THE very interesting and very positive YouGov Poll published this week, which showed that Yes is the choice of the majority of Scots, contained other information which indyref2 opponents have seized on.

The data shows only a minority think they should be able to exercise their right to choose their own future this year. Demand there certainly is, but not for any urgency – with greater support for a referendum to be held in the next five years.

The First Minister in her speech on Friday made it clear that she remains committed to the target date of this year and I agree with her. I also agree that we should be putting strong reasons to the Scottish people for that timescale.

The first reason is the achievement of certainty. For the past 43 months business has been reluctant to invest, higher education institutions have been uncertain about research links and projects and EU nationals have been nervous about their choice of home. Now there are only two ways forward for us – as part of a declining and insular Brexit Britain or as an independent country on the path back to full membership of the EU. We need to make our mind up so that everyone can know where they are going.

Secondly if we are going to re-enter the EU as an independent state we need to do so from as close as we can. The UK Tory Government is hell bent on breaking the links with the EU that guarantee high-standard approaches to employment, to the environment, to product and food safety and even to human rights. The claims from UK ministers that they are committed to maintaining such standards is pure verbiage, not least because in the pursuit of profit for their pals they will throw any and all restrictions.

But they will also make it as hard as they can for Scotland to keep pace with Europe in such matters, even if they are devolved.

Westminster wants to ensure that its one-size-fits-all approach to this issue prevails and is imposed on Wales and Scotland, though they cannot of course impose it on Northern Ireland given the special status which has been granted to Stormont. They are regularly making that threat crystal clear. We are going to have to fight every inch of the way to maintain dynamic alignment with the EU across the board and that will become more and more difficult as time goes by.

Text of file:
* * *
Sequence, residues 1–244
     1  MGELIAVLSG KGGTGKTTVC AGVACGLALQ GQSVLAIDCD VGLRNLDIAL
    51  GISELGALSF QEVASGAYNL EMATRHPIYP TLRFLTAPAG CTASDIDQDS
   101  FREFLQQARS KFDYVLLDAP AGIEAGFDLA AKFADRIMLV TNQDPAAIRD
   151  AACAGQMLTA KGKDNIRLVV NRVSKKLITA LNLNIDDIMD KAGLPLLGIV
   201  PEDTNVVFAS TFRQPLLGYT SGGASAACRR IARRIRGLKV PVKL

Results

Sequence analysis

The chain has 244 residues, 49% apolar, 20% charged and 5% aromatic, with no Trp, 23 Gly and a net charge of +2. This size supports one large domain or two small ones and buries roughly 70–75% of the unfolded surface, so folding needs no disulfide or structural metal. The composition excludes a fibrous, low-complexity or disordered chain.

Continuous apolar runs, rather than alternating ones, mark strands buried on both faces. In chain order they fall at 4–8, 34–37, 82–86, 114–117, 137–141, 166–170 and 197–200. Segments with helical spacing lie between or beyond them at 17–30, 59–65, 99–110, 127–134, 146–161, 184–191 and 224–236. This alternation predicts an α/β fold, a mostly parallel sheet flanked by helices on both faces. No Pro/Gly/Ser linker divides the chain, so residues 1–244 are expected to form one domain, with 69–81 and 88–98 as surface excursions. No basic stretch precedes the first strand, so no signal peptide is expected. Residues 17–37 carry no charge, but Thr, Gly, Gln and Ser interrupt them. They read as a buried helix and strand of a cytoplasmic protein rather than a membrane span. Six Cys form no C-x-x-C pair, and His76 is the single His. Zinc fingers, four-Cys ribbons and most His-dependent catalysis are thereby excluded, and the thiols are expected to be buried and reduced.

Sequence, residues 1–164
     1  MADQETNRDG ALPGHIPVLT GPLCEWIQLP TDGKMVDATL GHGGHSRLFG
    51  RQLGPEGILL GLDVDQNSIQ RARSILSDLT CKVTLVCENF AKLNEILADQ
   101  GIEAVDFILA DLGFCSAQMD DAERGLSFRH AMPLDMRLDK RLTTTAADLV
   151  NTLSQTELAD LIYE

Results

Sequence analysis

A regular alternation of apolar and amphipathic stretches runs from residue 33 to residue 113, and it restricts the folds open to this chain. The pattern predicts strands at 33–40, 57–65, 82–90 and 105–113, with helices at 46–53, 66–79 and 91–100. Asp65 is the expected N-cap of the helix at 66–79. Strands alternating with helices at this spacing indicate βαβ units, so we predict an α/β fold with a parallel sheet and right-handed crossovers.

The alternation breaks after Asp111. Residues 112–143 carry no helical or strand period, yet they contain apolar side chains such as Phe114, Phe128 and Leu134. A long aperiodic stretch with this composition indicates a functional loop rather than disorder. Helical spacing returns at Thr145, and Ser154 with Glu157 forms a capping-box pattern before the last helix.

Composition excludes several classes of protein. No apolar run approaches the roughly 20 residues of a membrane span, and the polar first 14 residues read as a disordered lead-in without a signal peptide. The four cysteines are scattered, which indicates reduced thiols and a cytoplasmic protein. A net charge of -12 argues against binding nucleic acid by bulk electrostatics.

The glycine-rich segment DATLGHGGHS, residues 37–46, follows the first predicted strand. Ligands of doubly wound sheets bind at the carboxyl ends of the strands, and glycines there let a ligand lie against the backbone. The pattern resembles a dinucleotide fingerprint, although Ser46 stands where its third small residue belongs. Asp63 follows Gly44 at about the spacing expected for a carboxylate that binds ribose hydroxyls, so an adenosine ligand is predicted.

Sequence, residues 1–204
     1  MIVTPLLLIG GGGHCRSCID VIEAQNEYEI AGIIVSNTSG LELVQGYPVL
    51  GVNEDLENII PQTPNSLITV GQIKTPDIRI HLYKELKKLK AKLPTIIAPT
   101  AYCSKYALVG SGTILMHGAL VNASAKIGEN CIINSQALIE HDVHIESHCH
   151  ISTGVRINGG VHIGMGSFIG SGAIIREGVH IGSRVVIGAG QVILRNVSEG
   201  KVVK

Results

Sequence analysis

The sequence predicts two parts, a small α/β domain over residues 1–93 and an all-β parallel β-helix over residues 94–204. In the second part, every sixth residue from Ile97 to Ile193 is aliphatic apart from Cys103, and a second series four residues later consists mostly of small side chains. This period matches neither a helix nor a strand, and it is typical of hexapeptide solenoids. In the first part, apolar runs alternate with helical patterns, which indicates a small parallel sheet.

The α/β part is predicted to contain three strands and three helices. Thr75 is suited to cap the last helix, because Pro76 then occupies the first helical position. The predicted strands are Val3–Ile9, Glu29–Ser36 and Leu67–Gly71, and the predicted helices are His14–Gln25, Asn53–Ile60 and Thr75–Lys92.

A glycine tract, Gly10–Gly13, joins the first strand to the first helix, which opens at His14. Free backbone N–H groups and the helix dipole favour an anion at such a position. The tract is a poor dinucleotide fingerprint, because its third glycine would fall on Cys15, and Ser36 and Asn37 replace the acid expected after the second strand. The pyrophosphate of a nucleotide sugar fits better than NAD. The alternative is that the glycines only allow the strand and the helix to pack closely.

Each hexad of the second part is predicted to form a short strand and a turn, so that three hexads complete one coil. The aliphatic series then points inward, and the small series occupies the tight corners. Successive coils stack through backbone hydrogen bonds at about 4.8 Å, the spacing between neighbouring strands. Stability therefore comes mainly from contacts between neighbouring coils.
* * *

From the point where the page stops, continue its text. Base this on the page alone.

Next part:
Finally, holding a referendum in 2020 will limit the time that the Johnson Government, and its little helpers in the Scottish Tory and Liberal parties, can defame Scotland with a totally false narrative about the delivery of public services.

As I pointed out in the debate on an indyref in the Parliament last week, the Tories need to take the beam out of their own eye before trying to take the mote out of ours.

In health, in education, in justice, in transport, in procurement, the poor delivery of public services south of the Border by the Tories is a scandal yet they are getting away with such a dereliction of duty, borne out of a constitutional obsession with Brexit.

Part of their success in that is the deflection they are practising by pillorying Scotland for things that are much, much worse, in their jurisdiction. No government is perfect but the SNP Scottish Government is delivering to a high standard and where there are problems they are being tackled. But worse still, I believe that the motivation for such dishonest tactics is also about undermining devolution so that it can be weakened to the point of near extinction. That has been a classic tactic by all colonial powers – the insistence that those in the colony are too feckless, too stupid, too indolent and too poor to be able to run their affairs. It was said about America in the 1770s, about every part of the British Empire as it disintegrated after the Second World War and is still being said about us.

We should laugh it to scorn but we should also make sure we are not around long enough to allow it to sap the energy and strength of all those good, good people who work for others across communities day and daily.

All these reasons indicate that 2020 is the right year for a referendum. And why wait? Scotland can be a better place and we shouldn’t hang about in our work to make it so.